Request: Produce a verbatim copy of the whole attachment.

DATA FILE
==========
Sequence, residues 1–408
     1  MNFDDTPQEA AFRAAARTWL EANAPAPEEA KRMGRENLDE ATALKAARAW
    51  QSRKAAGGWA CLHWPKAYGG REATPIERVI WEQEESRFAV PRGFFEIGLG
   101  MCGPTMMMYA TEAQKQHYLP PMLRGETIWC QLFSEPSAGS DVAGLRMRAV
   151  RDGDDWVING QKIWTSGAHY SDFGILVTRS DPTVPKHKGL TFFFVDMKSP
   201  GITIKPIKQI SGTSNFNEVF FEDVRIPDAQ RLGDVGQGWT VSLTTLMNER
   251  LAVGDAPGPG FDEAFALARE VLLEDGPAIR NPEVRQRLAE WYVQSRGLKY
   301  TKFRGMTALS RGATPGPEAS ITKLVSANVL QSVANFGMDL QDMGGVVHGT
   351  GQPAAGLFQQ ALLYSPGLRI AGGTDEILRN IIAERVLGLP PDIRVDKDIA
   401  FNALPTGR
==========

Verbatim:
Sequence, residues 1–408
     1  MNFDDTPQEA AFRAAARTWL EANAPAPEEA KRMGRENLDE ATALKAARAW
    51  QSRKAAGGWA CLHWPKAYGG REATPIERVI WEQEESRFAV PRGFFEIGLG
   101  MCGPTMMMYA TEAQKQHYLP PMLRGETIWC QLFSEPSAGS DVAGLRMRAV
   151  RDGDDWVING QKIWTSGAHY SDFGILVTRS DPTVPKHKGL TFFFVDMKSP
   201  GITIKPIKQI SGTSNFNEVF FEDVRIPDAQ RLGDVGQGWT VSLTTLMNER
   251  LAVGDAPGPG FDEAFALARE VLLEDGPAIR NPEVRQRLAE WYVQSRGLKY
   301  TKFRGMTALS RGATPGPEAS ITKLVSANVL QSVANFGMDL QDMGGVVHGT
   351  GQPAAGLFQQ ALLYSPGLRI AGGTDEILRN IIAERVLGLP PDIRVDKDIA
   401  FNALPTGR